The year is 1941.
Buried within the depths of a war, without reprieve, lies a mystery beyond human ingenuity. Enigma: the coded system used by the Nazis during World War II to implore horror amongst their unsuspecting targets. In a ravenous counterattack, Commander Denniston (Charles Dance), of the British Army, deepens his search to recruit the best minds Britain’s got to offer. Amidst the tedious search emerges one Alan Turing (Benedict Cumberbatch), logician, cryptanalyst, and mathematician.
Aided by a team of astute mathematicians, Hugh Alexander (Matthew Goode), Peter Hilton (Matthew Beard), and Joan Clarke (Keira Knightley), Alan is constrained to the confines of Bletchley Park to decipher the Germanic weapon, end the war, and save the world in “The Imitation Game”. Usurped from the pages of Alan Turing’s biography, “The Imitation Game” tells a story about a man whom no one imagined anything of, only for him, to do the unimaginable. An outcast indefinitely, Alan shied away from social activities and was disliked by his peers throughout his academic career. He refuses to work with others, insisting that he works better alone. Shunned from the outside world, Alan chooses instead to bury himself within the crevices of his cluttered apartment neglecting every invitation to join his comrades until they desist from inviting him to anything at all. Eventually, his relationship with Joan Clarke (Kiera Knightley) is able to salvage his work, diminish collegiate tension, and restore the synchronicity that made their collective brilliance insurmountable.
Nonetheless, the film’s most compelling feature lies in its interwoven plot lines.
On the surface, Alan faces enigma, his greatest challenge, yet beneath his Confucius exterior boils a treasonous desire.
Unbeknownst to his colleagues, Alan is a homosexual. Riveting flashbacks portray Alan’s humble beginnings, his dreams, his nightmares; a childhood companion who unraveled the fabric of his every being.
Now, in adulthood, Alan is fraught with an inability to fully reciprocate with friends and co-workers as a result of his childhood trauma. As time weakens, he is forced to subdue his desires for the greater good, to end the war. Meanwhile, Detective Robert Nock (Rory Kinnear) is on the hunt for a Russian spy who is said to have infiltrated Bletchley Park and unfortunately, Alan is Nock’s prime suspect. For Alan, Enigma is the least of his worries. With suspicion mounting, his lucrative secret lingers on the brink of an ever growing war, and time is running out.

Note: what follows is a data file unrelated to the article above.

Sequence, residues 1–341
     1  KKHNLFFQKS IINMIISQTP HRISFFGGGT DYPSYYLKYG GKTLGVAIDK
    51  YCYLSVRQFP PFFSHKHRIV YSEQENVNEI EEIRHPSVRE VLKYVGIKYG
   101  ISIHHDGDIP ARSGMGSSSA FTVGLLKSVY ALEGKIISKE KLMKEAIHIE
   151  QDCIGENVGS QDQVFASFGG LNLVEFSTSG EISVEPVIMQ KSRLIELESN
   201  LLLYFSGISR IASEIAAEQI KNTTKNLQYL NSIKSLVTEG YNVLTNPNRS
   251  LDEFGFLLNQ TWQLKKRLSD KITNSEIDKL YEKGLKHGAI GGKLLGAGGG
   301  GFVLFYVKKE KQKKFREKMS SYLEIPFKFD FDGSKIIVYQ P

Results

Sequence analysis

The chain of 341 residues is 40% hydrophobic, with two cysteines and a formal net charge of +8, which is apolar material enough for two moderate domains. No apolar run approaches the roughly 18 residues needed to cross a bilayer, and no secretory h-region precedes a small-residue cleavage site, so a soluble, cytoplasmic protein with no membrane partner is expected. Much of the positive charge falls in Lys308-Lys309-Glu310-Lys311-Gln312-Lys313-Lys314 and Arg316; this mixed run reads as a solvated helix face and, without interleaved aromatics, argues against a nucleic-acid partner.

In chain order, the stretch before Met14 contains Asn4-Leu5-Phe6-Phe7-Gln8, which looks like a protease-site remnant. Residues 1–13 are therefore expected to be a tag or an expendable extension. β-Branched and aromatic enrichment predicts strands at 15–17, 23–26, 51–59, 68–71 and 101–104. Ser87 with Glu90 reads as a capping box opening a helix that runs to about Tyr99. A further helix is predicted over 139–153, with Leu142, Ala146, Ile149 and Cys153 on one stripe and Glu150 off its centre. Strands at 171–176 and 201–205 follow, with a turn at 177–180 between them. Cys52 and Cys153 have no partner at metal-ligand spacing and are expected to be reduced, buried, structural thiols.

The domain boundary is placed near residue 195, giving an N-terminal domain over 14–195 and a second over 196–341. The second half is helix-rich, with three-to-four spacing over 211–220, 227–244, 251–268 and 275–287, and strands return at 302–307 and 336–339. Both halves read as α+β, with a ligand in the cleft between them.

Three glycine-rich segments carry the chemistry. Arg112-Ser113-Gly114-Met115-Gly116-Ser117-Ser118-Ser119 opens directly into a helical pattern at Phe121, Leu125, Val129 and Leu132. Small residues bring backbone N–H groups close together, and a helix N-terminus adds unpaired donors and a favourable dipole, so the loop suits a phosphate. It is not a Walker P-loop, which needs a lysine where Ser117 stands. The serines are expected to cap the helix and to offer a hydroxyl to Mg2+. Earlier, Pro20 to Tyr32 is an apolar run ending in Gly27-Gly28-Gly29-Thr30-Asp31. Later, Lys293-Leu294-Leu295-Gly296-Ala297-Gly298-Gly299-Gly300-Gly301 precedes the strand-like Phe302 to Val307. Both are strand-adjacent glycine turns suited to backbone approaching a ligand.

A masterpiece in visual entertainment, director Morten Tyldum creates a spectacle in the stretch of his own imagination. Technically, the film is marvellous. Multiple pans cascade across the screen fluidly, an array of angles, and wide and close shots used efficiently yet not overbearingly.
The nuanced screenplay written by Graham Moore, based on the book by biographer Andrew Hodges, is further illuminated through Cumberbatch’s flawless portrayal of Turing. An invigorating performance held by actor Kiera Knightley as she graces the screen as the only female scholar to make a significant contribution to the Enigma effort. Though Joan’s presence is soon tolerated, even welcomed, we are constantly reminded that she is not one of the boys; in fact, she is undoubtedly in a league of her own. Captivating Turing, she manages to create a bond strong enough to withhold the most indiscriminate of ties all the while affirming, and subtly re-affirming, that her allegiance, and intelligence, is vital to this momentous task. Supporting actors Matthew Goode, Charles Dance, and Mark Strong are a fine addition to a biopic doused in heroism and vapid misfortune.
Granted, Tyldum’s portrait is admirable, but the ingenuity that was Alan Turing cannot be accomplished in under two hours. He was a composite of brilliance, incomprehensible to his peers and tormented because of it.
At its utmost, “The Imitation Game” is indeed superb storytelling. For a war that has amassed a colourless wave of invention, patriotism, and death, the greater threat seems to have, ideally, lay within the minds of those who admonish individuality for the sake of complacency.